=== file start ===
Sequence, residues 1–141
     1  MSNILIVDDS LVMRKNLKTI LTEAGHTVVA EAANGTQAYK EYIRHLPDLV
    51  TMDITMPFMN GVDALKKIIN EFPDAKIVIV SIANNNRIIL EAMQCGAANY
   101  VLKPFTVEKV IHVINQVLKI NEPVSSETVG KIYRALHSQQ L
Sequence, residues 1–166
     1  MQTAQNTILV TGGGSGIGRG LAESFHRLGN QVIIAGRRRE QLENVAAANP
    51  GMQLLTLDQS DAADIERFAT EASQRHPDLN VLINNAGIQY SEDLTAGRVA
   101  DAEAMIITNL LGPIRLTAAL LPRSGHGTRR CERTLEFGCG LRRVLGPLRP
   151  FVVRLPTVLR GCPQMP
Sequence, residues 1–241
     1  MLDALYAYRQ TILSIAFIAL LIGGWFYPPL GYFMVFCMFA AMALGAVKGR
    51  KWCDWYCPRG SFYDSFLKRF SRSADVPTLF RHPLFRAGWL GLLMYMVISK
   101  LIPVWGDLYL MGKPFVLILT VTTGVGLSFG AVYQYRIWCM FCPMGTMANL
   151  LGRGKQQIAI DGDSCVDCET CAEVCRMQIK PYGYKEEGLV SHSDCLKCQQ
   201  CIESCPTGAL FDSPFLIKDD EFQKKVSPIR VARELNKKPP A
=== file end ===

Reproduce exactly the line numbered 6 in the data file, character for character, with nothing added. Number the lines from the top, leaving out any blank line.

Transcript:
     1  MQTAQNTILV TGGGSGIGRG LAESFHRLGN QVIIAGRRRE QLENVAAANP